The next 6 or so miles were uneventful with teams passing us. This was predicted and the passes went great. Then one of my snow shoes fell off the sled. Now I take the time to tie the team off to a tree as I am not willing to trust both snow hooks, not to mention there is another team getting closer. The last thing I want is for a team to go by and then the dogs pop the hook and I am walking. We have lived this scenario before and it’s not good for anyone. While I am reclaiming my snowshoe, Bear and Luna turn the team to follow me. At least I don’t have to worry about them leaving me. I get them turned back around and get the couple of tangles undone and noticed the snap on Tolby’s tug line has broken. In my six years of mushing, I have never seen or heard of a brass snap breaking at the bend. No worries, I retrieve my sled repair kit and fix the brass snap. Then I noticed the s-hook that holds the brass snap from the cable neckline to the dogs collar is bent and now the brass snap is hanging from Tolby’s collar and the neckline is dangling near the ground. I pull out the spare brass snap and go to work on Tolby’s tugline. As Tolby is hanging out with me, almost getting in the way of my repair, I realize something is not right and he shouldn’t be this close to me. Then it hits me, there is nothing holding Tolby to the gangline. He just wandered over to me and hung out. I get him hooked up to the tug line and put a quick-link between the cable neckline and the brass snap, hook Tolby’s neckline to his collar, untangle the team, remove and stow the rope and we are off again.
I noticed the team starting to lose a little bit of steam and I predicted this. Instead of making it to Luce’s in 6 hours it looked like it might be 7 hours. No worries as I planned 7 hour runs between stops. As we drop onto Flathorn Lake, there is a nice view of Mt. Susitna. It takes a little longer than I expected to get off of Flathorn Lake and through Dismal Swamp. The swamp is about 3 miles long. Other than the close up view of Mt. Susitna and Denali (Mt. McKinley) in the background the swamp is not very exciting. The sun is pretty much down and there is still enough light to see without a headlamp. As I look at the clear sky I know it’s going to get colder really soon.
We drop onto the Susitna River and make the run toward the Yentna River and we are slowing down. I noticed I had cell coverage and call Mary to let her know we are moving really slow and I may not push the team to Skewntna, but not to worry. We make the turn onto the Yentna and start running to Luce’s. Luce’s is about 9 miles from us. I look at my watch and we have been running for about 7 hours. This isn’t good as we left the chute at 11:18 AM. At 7 PM, we still aren’t at Luce’s and I don’t have any idea how far up the river it is. I make the decision that we will stop and camp at 8 PM no matter what. If we haven’t reached Luce’s then the writing may very well be on the wall.
At 8 PM, we sill aren’t at Luce’s and the dogs have been running for about 8 hours and 40 minutes. I think I see a Neon light around the next bend, but told myself I was sticking firm to my decision and won’t play the “it’s just around the bend”game with my dogs. I want to get them fed and let them rest.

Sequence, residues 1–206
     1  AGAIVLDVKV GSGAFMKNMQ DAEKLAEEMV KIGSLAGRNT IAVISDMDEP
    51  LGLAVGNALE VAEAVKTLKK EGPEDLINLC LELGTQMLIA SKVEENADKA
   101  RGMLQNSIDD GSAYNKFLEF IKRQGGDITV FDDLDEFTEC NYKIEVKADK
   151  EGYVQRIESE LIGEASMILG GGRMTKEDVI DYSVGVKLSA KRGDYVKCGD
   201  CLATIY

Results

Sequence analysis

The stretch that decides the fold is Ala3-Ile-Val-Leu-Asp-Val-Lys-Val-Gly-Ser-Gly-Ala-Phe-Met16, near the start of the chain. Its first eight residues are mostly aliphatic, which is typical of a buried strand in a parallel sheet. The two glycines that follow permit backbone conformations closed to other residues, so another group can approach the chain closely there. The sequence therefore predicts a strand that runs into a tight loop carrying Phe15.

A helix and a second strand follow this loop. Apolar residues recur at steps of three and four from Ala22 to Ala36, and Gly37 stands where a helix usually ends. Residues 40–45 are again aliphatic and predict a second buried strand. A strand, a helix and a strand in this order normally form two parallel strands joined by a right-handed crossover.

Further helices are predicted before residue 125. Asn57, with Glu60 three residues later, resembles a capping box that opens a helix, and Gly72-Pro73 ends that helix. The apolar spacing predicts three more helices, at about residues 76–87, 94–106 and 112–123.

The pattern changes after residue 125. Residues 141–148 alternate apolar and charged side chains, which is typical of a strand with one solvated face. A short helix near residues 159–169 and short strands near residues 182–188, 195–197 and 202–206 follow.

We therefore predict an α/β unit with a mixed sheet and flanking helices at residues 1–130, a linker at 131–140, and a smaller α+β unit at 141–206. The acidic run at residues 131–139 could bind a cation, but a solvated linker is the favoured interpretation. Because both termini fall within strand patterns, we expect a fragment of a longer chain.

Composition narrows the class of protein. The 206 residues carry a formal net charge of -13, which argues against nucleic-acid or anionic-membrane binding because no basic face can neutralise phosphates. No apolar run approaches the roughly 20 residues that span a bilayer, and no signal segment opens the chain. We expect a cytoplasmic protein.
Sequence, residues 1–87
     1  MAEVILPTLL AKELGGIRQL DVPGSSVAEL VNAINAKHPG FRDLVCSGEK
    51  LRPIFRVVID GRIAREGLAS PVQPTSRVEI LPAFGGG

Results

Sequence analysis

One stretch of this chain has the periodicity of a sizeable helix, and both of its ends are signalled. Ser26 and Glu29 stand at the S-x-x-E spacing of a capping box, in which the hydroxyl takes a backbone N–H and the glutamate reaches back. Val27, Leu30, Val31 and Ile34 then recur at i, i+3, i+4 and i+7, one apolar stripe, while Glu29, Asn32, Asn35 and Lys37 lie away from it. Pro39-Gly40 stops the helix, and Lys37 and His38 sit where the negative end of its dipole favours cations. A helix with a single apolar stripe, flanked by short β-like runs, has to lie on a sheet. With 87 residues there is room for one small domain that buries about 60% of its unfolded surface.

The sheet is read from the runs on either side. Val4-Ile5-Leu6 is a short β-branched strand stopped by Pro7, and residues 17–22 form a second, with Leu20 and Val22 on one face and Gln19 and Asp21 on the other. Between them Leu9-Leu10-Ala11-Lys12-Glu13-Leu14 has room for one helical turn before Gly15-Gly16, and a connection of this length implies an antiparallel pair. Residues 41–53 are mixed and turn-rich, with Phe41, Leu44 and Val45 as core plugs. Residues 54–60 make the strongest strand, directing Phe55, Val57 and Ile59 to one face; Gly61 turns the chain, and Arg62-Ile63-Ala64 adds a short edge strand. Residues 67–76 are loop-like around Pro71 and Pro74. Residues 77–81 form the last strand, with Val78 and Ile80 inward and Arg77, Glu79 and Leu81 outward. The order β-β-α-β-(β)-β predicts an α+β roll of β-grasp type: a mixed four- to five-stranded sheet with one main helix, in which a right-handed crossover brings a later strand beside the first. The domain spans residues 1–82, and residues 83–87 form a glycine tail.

Before I can get their coats on them, all but Lasar has laid down and have settled in. I get the cooker going and start prepping food. Nine of the 12 dogs eat and are still hungry, so I give them so more food. I try to coax the other 3 into eating, but they just want to sleep.
I attempted to feed myself and get organized. I then decide to look at my thermometer and it registered in at -34 degrees Fahrenheit (yes that’s a minus). Still packed in my sled were my Northern Outfitter’s wind garments, which will make me 10 degrees warmer, my second set of heavy poly’s and a pair of windshear fleece pants. I put on my Cabela’s insulator jacket to do my chores and then when I stopped to eat, I put my parka back on and was pleasantly warm. Hand warmers were of course present and kept my hands warm while doing chores. I was still warm and not miserable just worried about the team.
About 11:30 PM, I see a headlamp bouncing down the Yentna River coming at us. It’s a dog team and as they get closer, I can see a race bib. The musher has a concerned look on her face and keeps driving the team. I tried to say something, but she is focused on keeping her team moving. I know they didn’t make Skwentna as they would have had to do the mandatory rest, so she most likely is scratching for one reason or another.
As I watch the team, they are resting and look really tired. I realize the right answer is to take the team home and get them back to the house. I am a little frustrated and depressed at my decision to scratch, but realize it’s the best thing for the health of the team. They are a young team and I want to end on a happy note. They experienced a great deal that we can’t duplicate on the trails at home and we can build on this for the future. As they rest I reviewed the valuable lessons I learned and re-learned.
After 4 hours, I remove coats and have the sled packed up. I then booty and turn the team around and off we go.